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Among breast cancer patients in the United States, Black women are more likely to start treatment later and to have a longer treatment period than white women, new research shows.
For the study, researchers at the University of North Carolina at Chapel Hill analyzed data from more than 2,800 patients (about equal numbers of Black women and white women) with stage 1 to 3 breast cancer in the Carolina Breast Cancer Study.
The overall median time to start of treatment was 34 days, but Black women were more likely than white women to have a delayed start to treatment (13% versus 8%, respectively) and a long treatment duration (30% versus 21%, respectively).
Nearly one-third (32%) of younger Black women were in the highest quartile of treatment duration, compared with just over 22% of younger white women. Meanwhile, 28% of older Black women had prolonged treatment duration compared with 20% of older white women, the findings showed.
Among wealthy women, nearly 12% of Black patients had delays in the start of treatment compared with about 7% of white patients, according to the study published online Sept. 21 in the journal Cancer.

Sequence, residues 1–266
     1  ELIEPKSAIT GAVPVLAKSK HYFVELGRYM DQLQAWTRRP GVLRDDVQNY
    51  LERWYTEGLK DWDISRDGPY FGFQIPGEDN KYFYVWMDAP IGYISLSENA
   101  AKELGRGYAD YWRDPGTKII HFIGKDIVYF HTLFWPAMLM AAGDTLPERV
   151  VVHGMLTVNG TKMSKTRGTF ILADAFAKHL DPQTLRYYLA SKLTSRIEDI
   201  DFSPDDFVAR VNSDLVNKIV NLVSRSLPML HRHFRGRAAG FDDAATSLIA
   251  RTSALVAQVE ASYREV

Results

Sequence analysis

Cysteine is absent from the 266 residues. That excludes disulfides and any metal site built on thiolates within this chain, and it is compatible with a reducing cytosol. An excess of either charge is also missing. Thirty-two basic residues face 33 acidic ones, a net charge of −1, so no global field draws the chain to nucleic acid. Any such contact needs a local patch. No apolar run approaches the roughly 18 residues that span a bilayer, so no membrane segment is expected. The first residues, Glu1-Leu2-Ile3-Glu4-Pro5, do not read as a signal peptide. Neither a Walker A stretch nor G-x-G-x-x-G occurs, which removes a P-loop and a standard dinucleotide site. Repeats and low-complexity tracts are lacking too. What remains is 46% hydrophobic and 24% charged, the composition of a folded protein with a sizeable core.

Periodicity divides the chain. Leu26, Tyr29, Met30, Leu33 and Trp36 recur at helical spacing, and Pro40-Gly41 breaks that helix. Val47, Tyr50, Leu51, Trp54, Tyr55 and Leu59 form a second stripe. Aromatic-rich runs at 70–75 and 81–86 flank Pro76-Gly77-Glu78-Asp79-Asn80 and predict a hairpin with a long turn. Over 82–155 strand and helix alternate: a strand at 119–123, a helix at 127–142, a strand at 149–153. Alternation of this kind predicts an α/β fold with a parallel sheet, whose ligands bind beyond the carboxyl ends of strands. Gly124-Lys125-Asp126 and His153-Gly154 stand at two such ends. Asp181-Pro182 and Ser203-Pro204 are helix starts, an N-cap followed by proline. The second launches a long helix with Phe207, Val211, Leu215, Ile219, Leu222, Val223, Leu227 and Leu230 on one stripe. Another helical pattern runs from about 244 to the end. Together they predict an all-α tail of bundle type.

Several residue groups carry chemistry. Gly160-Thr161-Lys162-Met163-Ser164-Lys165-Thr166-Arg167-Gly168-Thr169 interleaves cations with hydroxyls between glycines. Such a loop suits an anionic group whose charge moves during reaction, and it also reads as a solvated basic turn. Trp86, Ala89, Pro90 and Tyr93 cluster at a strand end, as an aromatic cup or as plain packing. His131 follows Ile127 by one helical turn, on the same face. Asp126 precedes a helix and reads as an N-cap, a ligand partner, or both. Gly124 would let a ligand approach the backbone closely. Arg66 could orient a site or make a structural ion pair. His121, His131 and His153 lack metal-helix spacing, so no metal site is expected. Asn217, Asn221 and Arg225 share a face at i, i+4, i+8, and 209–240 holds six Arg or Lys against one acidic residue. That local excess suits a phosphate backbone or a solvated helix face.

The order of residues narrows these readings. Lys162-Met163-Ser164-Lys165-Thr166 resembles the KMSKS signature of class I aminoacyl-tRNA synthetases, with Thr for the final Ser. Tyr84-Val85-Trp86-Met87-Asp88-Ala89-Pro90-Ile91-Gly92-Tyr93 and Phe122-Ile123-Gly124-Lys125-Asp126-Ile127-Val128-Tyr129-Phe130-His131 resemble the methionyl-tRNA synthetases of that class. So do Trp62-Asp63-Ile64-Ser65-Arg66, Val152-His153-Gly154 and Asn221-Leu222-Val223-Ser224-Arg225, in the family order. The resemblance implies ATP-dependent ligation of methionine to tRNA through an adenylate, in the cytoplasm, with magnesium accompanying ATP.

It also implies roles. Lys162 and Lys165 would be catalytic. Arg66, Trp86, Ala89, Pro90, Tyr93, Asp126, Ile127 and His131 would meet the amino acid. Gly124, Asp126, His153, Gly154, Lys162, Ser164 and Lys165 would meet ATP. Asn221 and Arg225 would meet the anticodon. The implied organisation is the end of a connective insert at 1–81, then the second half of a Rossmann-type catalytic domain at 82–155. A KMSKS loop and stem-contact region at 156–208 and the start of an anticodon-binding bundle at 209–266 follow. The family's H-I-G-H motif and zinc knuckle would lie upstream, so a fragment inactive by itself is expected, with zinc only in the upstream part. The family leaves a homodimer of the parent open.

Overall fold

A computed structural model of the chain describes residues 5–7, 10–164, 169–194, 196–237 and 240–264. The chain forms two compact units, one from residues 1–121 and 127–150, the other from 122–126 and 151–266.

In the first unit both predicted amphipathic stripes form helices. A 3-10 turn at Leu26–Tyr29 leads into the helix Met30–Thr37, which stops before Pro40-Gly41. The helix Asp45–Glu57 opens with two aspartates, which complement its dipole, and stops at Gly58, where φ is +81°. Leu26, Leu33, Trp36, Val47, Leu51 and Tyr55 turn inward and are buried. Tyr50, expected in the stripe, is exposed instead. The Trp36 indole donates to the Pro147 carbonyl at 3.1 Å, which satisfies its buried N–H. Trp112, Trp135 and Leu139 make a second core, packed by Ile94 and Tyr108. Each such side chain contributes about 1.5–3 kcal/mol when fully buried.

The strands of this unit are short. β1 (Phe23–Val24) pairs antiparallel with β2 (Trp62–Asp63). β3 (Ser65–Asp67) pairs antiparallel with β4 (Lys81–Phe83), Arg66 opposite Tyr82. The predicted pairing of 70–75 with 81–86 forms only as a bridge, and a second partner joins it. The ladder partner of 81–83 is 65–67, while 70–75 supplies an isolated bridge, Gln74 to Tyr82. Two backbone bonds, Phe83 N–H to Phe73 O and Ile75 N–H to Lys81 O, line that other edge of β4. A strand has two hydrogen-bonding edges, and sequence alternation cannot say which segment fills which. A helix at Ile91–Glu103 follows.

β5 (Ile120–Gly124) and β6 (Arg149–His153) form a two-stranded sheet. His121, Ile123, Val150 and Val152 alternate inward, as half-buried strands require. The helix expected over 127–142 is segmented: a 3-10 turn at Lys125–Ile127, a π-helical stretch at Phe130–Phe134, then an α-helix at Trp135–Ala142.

"Even among women with low socioeconomic status, we still saw fewer delays among white women, underscoring the disparate experience of Black women, who appear to experience unique barriers," lead author Marc Emerson said in a journal news release.
Financial and transportation problems were among the barriers identified by the researchers, noted team leader Melissa Troester.
"It is important to recognize that the causes of delay are complex and reflect both individual barriers and system level factors," Troester said.
Previous research has shown that Black women in the United States have a higher risk of dying from breast cancer than white women, even though they have similar rates of breast cancer. The disparity is especially high among younger women, the study authors added.
-- Robert Preidt
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